Solar Physics

, Volume 230, Issue 1–2, pp 259–294 | Cite as

Solar–Stellar Irradiance Comparison Experiment II (SOLSTICE II): Pre-Launch and On-Orbit Calibrations

  • William E. McClintockEmail author
  • Martin Snow
  • Thomas N. Woods


The Solar–Stellar Irradiance Comparison Experiment {II (SOLSTICE {II), aboard the Solar Radiation and Climate Experiment (SORCE) spacecraft, consists of a pair of identical scanning grating monochromators, which have the capability to observe both solar spectral irradiance and stellar spectral irradiance using a single optical system. The SOLSTICE science objectives are to measure solar spectral irradiance from 115 to 320 nm with a spectral resolution of 1 nm, a cadence of 6 h, and an accuracy of 5%, to determine its variability with a long-term relative accuracy of 0.5% per year during a 5-year nominal mission, and to determine the ratio of solar irradiance to that of an ensemble of bright B and A stars to an accuracy of 2%. Those objectives are met by calibrating instrument radiometric sensitivity before launch using the Synchrotron Ultraviolet Radiation Facility at the National Institute for Standards and Technology in Gaithersburg, Maryland. During orbital operations irradiance measurements from an ensemble of bright, stable, main-sequence B and A stars are used to track instrument sensitivity. SORCE was launched on 25 January 2003. After spacecraft and instrument check out, SOLSTICE {II first observed a series of three stars to establish an on-orbit performance baseline. Since 6 March 2003, both instruments have been making daily measurements of both the Sun and stars. This paper describes the pre-flight and in-flight calibration and characterization measurements that are required to achieve the SOLSTICE science objectives and compares early SOLSTICE{II measurements of both solar and stellar irradiance with those obtained by SOLSTICE {I on the Upper Atmosphere Research Satellite.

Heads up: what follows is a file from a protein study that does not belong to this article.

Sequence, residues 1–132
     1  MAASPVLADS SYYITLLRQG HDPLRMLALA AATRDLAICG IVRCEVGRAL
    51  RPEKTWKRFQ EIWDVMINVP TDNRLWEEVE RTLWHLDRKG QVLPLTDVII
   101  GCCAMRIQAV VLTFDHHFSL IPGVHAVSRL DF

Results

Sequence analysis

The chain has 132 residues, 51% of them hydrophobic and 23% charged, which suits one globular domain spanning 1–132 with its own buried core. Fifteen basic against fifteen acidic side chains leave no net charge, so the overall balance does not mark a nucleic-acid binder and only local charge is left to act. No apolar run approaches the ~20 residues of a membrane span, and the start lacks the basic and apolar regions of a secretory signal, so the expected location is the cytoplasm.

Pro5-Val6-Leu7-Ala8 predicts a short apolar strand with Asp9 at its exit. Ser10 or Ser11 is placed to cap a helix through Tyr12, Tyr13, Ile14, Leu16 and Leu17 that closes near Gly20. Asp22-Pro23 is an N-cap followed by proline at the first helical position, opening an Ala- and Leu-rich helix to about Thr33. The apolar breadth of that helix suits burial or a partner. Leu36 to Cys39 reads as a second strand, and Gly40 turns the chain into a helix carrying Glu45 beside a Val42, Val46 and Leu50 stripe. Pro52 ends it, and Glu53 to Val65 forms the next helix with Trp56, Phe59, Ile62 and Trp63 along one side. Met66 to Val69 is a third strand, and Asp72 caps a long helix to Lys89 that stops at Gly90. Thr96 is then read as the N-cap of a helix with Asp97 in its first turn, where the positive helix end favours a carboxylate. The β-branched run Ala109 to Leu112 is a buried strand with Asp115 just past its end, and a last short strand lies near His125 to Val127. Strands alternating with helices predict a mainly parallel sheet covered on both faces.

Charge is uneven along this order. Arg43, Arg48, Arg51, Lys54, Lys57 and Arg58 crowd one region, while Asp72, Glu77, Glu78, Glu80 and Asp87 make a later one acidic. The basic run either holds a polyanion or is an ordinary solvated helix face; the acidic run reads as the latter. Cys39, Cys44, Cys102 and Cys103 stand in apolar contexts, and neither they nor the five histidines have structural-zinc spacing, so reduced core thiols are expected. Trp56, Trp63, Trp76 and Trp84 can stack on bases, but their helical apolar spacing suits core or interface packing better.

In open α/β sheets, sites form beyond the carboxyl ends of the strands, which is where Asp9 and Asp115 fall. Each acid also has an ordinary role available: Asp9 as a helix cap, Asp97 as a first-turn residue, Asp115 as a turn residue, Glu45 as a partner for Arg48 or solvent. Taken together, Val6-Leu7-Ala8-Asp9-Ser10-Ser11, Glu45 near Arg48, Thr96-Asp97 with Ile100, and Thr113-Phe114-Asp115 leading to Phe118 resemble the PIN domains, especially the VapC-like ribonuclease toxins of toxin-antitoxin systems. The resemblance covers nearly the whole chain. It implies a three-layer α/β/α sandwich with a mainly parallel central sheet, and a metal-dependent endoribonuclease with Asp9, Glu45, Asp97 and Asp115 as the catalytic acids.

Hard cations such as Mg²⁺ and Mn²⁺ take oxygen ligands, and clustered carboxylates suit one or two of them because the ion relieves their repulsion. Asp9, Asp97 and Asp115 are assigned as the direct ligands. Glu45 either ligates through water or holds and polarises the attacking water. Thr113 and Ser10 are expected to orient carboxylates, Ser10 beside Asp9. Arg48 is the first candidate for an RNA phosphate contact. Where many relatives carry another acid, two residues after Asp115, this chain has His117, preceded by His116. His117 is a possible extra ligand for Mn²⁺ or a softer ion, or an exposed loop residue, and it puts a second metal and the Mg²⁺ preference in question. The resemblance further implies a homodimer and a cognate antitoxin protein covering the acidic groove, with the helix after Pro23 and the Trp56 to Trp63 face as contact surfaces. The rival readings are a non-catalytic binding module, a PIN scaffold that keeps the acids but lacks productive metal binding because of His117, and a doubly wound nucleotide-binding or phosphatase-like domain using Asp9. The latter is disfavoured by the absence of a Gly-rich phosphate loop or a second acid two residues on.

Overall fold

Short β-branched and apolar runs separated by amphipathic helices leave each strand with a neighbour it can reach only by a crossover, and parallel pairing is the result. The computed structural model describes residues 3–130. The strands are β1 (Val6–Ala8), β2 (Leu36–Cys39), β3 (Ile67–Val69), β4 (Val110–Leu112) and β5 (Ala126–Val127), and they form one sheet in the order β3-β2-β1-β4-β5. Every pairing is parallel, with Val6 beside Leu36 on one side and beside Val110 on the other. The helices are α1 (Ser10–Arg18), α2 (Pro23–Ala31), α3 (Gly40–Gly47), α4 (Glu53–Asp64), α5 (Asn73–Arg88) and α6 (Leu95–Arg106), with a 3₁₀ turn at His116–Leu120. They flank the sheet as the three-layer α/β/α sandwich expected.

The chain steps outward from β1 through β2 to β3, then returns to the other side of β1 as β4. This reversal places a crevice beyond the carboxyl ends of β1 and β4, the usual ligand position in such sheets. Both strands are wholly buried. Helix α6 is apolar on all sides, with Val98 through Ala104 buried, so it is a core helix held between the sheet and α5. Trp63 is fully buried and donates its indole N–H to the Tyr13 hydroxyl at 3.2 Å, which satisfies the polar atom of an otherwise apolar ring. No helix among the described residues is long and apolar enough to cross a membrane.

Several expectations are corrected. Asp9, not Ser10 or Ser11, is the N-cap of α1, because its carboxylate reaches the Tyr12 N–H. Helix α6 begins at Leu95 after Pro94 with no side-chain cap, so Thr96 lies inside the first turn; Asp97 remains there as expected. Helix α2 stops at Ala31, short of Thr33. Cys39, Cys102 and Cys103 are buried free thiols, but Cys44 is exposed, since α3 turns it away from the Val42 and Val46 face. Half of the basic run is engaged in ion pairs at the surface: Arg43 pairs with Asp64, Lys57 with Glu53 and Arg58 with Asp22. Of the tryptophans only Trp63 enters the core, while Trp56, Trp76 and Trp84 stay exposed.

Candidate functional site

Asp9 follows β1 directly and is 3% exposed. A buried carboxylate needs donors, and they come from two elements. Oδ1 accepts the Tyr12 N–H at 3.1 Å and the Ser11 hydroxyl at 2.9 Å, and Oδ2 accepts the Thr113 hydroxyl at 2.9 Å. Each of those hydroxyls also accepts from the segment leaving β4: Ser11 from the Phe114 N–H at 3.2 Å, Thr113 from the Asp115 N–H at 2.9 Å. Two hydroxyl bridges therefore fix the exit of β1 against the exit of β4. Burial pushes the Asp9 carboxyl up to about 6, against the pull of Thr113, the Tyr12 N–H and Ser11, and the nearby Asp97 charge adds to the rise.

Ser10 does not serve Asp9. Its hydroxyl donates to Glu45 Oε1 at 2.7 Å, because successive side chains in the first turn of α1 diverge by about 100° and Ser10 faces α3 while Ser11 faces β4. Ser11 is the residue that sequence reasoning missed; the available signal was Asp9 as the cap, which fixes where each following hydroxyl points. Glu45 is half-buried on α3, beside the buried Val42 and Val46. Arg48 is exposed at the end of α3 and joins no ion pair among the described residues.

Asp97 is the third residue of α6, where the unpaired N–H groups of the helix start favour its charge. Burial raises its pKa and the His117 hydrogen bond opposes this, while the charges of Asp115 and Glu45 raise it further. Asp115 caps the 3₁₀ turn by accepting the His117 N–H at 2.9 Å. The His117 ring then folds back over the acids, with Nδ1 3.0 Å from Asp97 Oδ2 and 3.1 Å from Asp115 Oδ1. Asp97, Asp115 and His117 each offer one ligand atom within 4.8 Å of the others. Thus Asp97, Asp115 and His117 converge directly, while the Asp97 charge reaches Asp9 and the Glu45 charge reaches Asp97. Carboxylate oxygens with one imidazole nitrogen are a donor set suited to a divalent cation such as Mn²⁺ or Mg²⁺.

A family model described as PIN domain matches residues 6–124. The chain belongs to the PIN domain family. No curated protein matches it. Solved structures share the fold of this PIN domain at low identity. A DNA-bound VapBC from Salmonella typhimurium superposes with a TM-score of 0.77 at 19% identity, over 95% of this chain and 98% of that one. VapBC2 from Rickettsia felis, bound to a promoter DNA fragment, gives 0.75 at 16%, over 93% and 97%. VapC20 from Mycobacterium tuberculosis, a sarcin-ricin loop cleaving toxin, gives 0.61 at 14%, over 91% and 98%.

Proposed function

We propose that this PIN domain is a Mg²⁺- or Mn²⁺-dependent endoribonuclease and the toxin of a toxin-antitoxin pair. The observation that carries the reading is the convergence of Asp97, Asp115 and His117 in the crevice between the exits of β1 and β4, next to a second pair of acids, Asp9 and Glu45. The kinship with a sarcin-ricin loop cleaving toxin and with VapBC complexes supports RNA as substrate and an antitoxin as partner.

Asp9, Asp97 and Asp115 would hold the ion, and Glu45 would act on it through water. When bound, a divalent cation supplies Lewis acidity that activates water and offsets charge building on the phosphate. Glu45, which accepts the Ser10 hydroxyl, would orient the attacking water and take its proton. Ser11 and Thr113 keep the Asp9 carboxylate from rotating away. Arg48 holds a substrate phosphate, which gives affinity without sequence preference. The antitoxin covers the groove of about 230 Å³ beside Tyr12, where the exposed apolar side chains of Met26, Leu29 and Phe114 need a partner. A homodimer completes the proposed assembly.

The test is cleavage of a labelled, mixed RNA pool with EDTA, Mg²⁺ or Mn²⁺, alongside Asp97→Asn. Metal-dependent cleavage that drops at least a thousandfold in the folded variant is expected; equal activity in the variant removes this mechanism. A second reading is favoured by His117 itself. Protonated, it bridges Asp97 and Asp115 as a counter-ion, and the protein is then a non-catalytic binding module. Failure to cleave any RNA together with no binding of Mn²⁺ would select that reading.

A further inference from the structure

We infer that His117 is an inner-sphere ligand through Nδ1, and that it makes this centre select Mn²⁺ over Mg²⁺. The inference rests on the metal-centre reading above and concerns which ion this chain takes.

Spectral Resolution Solar Irradiance Spectral Irradiance Instrument Sensitivity Climate Experiment 
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Copyright information

© Springer Science + Business Media, Inc. 2005

Authors and Affiliations

  • William E. McClintock
    • 1
    Email author
  • Martin Snow
    • 1
  • Thomas N. Woods
    • 1
  1. 1.Laboratory for Atmospheric and Space PhysicsUniversity of ColoradoBoulderU.S.A.

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